Survivors led the march to the Auckland ACC office demanding to stop these cuts to counseling. Protestors staged a peaceful sit-in at the ACC offices demanding that a representative of ACC come down to engage in dialogue. Two security guards were guarding the building, and one security guard assaulted a participant of the protest, throwing him on the concrete ground as he tried to join the sit-in. A survivor voiced her personal story in dealing with sexual abuse that had led her to attempt suicide. But nobody from ACC came down to listen. The occupation lasted for about half an hour until it was clear that an ACC representative was not coming, which showed their disinterest in “Prevention”, lack of “Care” and putting further barriers to the “Recovery” of sexual abuse survivors.

In Wellington, about 200 people gathered at the Cenotaph in Lambton Quay, and rallied in front of parliament. Protestors left messages chalked in front of parliament building. The march then moved on to the ACC offices in Molesworth Street, which was protected by a handful of cops and security goons. A representative read out a list of demands to ACC. Protestors left post-it notes and chalk messages on the street-face of the building to explicate the positions of abuse survivors in the crowd.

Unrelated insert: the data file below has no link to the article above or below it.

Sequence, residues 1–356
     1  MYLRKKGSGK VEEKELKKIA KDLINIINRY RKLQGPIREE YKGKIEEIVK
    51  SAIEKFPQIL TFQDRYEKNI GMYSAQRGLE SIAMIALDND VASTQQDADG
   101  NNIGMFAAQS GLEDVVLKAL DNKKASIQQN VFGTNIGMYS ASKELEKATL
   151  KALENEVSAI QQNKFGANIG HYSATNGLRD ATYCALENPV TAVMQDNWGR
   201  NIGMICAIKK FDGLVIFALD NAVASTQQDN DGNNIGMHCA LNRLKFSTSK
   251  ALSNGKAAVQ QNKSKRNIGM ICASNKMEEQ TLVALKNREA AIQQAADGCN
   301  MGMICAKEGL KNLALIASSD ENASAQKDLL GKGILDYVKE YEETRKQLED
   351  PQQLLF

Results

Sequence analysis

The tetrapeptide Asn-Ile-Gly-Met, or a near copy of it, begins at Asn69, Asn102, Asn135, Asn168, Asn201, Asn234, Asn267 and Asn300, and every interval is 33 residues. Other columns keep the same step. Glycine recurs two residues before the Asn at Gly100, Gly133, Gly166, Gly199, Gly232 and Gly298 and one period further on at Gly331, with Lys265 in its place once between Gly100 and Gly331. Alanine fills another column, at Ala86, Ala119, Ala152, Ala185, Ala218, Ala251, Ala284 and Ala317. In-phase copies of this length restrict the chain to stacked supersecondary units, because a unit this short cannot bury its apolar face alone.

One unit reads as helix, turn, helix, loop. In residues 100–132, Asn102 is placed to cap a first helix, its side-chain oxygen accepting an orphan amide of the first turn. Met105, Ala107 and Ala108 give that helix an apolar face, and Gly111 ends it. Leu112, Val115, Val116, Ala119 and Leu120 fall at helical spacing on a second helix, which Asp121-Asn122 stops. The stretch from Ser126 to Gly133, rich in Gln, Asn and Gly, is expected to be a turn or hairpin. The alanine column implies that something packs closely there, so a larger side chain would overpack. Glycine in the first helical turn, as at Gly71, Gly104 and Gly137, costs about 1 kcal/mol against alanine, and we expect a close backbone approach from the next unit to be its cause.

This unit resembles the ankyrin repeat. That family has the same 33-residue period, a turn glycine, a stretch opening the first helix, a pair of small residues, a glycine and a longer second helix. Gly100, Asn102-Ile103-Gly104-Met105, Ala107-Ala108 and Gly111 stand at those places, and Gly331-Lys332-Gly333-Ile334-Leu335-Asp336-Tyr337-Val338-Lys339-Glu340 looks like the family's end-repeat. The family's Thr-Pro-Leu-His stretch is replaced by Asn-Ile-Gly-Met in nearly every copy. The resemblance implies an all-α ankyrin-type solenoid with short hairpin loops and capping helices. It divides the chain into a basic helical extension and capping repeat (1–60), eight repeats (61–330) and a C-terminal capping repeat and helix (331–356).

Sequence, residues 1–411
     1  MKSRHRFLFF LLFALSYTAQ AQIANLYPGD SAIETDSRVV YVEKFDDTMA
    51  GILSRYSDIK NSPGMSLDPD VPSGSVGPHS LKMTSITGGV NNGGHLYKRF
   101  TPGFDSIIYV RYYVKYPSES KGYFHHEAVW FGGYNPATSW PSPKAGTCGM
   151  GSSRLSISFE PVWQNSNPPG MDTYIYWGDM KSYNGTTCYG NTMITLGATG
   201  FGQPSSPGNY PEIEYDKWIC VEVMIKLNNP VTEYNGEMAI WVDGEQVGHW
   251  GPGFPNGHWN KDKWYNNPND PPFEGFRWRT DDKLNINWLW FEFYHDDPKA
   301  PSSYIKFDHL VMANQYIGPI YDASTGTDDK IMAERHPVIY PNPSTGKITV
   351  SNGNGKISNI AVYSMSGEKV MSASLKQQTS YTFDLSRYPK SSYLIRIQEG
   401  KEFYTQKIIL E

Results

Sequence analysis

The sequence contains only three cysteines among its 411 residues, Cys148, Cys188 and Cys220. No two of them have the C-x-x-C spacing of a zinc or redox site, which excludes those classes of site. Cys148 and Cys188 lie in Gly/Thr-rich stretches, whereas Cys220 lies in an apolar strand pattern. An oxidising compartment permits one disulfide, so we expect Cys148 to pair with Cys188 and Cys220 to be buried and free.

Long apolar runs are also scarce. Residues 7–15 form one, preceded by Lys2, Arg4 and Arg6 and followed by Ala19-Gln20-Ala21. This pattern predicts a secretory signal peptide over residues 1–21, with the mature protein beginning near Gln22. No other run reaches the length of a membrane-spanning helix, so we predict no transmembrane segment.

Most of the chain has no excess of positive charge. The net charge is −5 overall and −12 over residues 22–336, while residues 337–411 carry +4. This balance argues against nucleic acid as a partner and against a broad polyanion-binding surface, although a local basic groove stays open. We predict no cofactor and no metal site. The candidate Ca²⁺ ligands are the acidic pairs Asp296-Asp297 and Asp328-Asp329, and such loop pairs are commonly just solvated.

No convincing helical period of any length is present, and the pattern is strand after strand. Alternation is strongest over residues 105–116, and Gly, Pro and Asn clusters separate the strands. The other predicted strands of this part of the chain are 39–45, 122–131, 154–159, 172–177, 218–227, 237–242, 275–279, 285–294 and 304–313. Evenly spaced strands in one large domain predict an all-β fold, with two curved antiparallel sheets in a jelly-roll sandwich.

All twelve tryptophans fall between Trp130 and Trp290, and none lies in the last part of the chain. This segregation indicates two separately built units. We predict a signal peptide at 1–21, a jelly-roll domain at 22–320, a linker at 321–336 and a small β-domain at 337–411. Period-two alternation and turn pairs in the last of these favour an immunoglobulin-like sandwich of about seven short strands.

“All New Zealanders know someone who is affected by sexual abuse and assault. ACC should be supporting them, not abandoning survivors when they need help most”, said spokesperson Felicity Perry, “Having to be diagnosed with a mental illness in order to receive treatment will further traumatize abuse survivors”.

The march then continued back down Molesworth Street to the Cenotaph again, where final messages of support for abuse survivors were given, and the collective crowd disbanded.